When a new dot is selected, processor 120 may immediately stop playing the snippet and begins playing a snippet of the newly selected song. In addition, text window 422 may display the particular information (e.g., title, artist, genre, tempo) for the newly selected song. The user may also select a number of songs on display 410 to create a playlist of songs he/she wishes to play (act 260). For example, the user may use input device 160 to identify a number of dots illustrated in display 410. In one implementation, the user may use input device 160 to expand an area around a particular dot to encompass a number of dots in display 410, as illustrated by area 414 in
In each case, after the user has created the shape encompassing a number of dots or selected particular dots individually, processor 120 may create a playlist based on the identified dots (act 260). Processor 120 may store this playlist for retrieval by the user at a later time. Alternatively, processor 120 may begin playing the songs identified in the playlist.
In addition, display 410 illustrates a number of dots/stars displayed to a user. In other implementations, display 410 may include other scenes/backgrounds. For example,
A user may select a particular dot and information associated with the song represented by the dot may be displayed in control area 420 in a manner similar to that discussed above with respect to
The user may also use left arrow 412 or right arrow 414 as controls to view songs associated with other parts of the map/world. For example, assume that the user selects right arrow 414. In an exemplary implementation, the background (i.e., the map of the world) illustrated in
Additional themes may be used to provide backgrounds and/or scenes that may be provided to the user. For example, an underwater theme/scene may be displayed by system 100. In this case, the songs may be displayed as bubbles or fish in the water. In other implementations, various geometrical or abstract shapes may be used to represent songs and/or albums. The particular backgrounds, scenes and/or themes that processor 120 provides may be selected by the user via a GUI, as described in more detail below.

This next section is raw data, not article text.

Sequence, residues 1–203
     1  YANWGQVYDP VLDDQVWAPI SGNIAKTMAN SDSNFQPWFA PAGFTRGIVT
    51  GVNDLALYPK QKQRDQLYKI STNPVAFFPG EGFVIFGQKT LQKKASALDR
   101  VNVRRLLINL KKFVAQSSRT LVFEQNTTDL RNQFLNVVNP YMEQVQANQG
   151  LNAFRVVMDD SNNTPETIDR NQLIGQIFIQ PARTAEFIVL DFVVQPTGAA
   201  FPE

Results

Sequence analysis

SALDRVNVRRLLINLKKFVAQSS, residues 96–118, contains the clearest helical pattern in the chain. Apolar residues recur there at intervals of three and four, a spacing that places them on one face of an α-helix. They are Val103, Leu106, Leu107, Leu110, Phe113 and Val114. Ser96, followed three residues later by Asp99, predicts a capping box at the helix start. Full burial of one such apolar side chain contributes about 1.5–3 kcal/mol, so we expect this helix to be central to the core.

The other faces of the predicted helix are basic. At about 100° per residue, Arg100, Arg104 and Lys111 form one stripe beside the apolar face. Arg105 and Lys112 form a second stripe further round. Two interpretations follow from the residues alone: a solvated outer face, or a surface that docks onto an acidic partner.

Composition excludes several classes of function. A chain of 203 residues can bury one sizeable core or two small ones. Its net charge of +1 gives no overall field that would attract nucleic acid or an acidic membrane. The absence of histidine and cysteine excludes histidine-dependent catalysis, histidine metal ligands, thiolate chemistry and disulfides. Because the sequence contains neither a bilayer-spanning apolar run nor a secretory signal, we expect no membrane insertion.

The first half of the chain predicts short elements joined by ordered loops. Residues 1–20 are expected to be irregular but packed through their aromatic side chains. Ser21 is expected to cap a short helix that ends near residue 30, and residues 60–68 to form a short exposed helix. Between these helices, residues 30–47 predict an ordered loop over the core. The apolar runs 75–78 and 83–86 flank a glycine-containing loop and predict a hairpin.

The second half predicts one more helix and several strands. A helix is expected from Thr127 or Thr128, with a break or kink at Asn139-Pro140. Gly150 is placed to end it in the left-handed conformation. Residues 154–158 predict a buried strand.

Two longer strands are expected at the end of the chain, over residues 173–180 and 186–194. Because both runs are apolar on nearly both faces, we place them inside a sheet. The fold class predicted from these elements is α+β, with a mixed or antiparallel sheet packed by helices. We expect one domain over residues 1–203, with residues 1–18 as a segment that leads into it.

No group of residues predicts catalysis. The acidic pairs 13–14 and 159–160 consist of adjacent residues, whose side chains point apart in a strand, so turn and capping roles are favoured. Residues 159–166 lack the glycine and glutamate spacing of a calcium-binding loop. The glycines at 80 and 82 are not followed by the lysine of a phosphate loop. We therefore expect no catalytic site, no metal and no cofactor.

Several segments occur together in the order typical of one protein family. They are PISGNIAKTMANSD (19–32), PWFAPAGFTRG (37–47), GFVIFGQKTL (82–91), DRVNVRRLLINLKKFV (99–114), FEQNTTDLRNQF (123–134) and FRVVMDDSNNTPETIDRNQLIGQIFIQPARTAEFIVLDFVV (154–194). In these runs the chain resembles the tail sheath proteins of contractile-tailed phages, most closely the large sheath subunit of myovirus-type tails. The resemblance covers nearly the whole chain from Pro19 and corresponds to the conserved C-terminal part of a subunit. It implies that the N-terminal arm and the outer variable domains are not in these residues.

In addition, the displays illustrated in
System 100 may also allow the user to view information associated with songs played by system 100.
In an exemplary implementation, processor 120 may generate a graphical representation of songs played by the user over a period of time (act 630). For example, processor 120 may generate a calendar illustrating each day in a month, as illustrated in
After receiving the selection, processor 120 may retrieve information identifying the list of songs played by system 100 on the sixth of the month (act 640). The retrieved information may include a number of items, such as the title and artist of each song played on the sixth. Additional information associated with the song, such as tempo, genre, year, etc., may also be retrieved and displayed to the user in alternative implementations.
Processor 120 may display the list of songs to the user via output device 170 (
In an alternative implementation, processor 120 may generate a graphical display illustrating various tracks/content played by system 100. For example,
Suppose that the user would like to select one or more of the icons representing a media file in tracks/content area 810 to create a playlist. The user may use input device to select particular file represented in tracks/content area 810. In response, processor 120 may highlight the selected content, as illustrated by the bolded circle in